Physician burnout continues to be a problem in the United States, and numerous studies have highlighted its impact on radiologists. According to new findings published in JAMA Internal Medicine, professional coaching could help alleviate burnout among physicians and lead to better overall patient care.
Led by Liselotte Dyrbye, MD, and Colin West, MD, both from Mayo Clinic in Rochester, Minnesota, the researchers examined how external professional coaches impacted a group of 88 practicing physicians.
“Helping physicians navigate career decisions and manage the stress of their job is crucial,” Dyrbye said in a prepared statement. “While many of these doctors have a good informal support system, professional coaches can address a variety of topics and needs, and provide a safe setting to admit perceived vulnerabilities and uncertainties. We really think it can improve physicians' ability to manage their careers and change the detrimental aspects of their work environments, so that ultimately they can do their job well without feeling overwhelmed.”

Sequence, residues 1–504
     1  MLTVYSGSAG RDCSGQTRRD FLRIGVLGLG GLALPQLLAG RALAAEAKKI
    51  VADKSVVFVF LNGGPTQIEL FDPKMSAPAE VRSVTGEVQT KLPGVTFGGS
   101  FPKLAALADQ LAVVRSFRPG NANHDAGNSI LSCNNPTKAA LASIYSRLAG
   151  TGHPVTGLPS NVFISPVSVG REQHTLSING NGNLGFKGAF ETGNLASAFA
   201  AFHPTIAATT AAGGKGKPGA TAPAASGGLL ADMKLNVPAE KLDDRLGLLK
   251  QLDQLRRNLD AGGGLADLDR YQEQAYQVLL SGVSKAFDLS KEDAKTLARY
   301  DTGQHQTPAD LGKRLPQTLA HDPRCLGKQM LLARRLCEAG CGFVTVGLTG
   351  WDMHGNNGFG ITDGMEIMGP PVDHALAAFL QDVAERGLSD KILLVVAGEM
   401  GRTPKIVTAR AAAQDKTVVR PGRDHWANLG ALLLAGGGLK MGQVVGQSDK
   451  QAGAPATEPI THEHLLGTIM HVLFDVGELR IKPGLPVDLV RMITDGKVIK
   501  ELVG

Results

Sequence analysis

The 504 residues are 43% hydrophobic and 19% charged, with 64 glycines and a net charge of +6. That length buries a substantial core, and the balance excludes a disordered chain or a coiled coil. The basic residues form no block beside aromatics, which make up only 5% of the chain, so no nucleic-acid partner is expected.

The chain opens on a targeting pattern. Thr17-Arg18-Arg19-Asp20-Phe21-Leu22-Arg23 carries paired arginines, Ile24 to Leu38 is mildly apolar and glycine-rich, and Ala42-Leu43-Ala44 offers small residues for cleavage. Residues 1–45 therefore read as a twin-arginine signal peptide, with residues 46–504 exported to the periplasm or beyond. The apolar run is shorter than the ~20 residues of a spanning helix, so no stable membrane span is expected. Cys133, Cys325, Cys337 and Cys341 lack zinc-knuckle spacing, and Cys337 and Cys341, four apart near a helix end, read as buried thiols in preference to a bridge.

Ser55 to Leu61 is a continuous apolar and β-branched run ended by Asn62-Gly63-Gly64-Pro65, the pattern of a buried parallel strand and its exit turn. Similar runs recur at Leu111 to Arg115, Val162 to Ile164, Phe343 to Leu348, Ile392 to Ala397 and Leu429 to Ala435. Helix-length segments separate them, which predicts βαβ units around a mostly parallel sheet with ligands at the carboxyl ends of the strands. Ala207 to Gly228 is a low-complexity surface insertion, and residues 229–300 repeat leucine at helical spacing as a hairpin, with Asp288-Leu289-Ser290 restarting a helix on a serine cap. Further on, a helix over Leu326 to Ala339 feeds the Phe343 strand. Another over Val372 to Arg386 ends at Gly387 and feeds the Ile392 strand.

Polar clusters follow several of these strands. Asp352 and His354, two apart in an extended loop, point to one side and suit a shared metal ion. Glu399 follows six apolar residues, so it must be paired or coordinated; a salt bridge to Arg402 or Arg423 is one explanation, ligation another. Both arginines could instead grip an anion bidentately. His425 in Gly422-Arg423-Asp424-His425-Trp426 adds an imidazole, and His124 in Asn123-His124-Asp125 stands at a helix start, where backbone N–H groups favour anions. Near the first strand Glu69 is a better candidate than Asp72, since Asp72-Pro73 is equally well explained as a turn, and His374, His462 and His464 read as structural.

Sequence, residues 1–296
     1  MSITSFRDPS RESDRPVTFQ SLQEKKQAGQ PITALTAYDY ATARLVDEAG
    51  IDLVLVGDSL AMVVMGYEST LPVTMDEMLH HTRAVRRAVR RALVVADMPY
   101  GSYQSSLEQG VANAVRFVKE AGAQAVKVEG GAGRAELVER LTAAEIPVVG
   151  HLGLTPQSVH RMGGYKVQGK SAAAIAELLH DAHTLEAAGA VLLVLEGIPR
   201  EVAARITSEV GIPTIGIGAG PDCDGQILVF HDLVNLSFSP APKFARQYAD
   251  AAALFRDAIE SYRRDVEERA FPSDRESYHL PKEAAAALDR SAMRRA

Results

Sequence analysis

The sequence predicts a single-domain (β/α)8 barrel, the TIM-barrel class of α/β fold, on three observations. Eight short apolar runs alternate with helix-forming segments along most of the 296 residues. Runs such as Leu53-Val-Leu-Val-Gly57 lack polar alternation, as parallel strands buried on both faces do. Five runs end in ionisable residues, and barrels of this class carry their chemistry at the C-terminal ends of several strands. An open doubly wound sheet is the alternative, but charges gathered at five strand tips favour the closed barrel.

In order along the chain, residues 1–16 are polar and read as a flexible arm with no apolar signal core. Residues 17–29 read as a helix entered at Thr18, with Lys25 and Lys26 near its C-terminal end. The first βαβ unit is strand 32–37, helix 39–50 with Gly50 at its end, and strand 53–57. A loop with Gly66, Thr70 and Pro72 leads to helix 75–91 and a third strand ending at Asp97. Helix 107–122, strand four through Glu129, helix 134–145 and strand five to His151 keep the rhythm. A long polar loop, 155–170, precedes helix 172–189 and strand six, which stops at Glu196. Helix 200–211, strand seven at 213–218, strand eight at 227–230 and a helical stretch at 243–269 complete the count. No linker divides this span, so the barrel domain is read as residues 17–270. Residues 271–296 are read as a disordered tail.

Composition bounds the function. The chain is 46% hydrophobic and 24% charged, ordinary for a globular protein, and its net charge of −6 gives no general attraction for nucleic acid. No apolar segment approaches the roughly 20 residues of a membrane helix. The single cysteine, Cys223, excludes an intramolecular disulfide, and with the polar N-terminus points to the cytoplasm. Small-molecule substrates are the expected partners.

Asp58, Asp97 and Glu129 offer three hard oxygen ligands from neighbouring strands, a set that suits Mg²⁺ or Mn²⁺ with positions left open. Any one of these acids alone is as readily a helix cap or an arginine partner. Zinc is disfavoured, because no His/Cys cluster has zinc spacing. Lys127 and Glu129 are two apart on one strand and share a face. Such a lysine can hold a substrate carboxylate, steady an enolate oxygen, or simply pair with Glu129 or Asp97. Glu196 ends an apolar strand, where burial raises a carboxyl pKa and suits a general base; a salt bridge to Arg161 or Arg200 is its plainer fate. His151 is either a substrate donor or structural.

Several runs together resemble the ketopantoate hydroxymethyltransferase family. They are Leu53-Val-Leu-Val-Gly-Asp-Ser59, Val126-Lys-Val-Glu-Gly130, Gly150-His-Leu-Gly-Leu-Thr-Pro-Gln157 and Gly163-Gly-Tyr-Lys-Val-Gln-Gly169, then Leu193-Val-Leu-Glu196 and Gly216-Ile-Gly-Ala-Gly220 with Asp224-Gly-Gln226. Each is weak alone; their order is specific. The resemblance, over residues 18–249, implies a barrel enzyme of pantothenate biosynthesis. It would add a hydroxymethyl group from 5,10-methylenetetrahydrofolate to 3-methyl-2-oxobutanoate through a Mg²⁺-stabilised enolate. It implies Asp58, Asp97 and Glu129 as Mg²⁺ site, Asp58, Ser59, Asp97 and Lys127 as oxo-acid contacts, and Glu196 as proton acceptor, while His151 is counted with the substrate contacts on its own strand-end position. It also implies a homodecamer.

The study occurred from Oct. 9, 2017, to March 27, 2018. Participating physicians were split into two groups—a coaching group and a control group—using a computer-generated algorithm. The coaching group received a one-hour professional coaching session and five 30-minute sessions every two or three weeks. Coaches were identified and provided by “an established international professional coaching company with experience coaching physicians.”
Surveys were completed by all participants—even those who did not receive the coaching—before and after the coaching sessions. While overall burnout decreased by 17.1% in the coaching group, it increased by 4.9% in the control group, a sign the researchers said that the sessions made a legitimate impact.
“This study suggests that individual or institutional investment in professional coaching may be one useful approach to supporting the professional workforce,” the authors wrote. “Professional coaching is widely used in industries outside of medicine and has been demonstrated in studies of other professionals to enhance leadership and managerial and interpersonal skills and to foster personal growth.”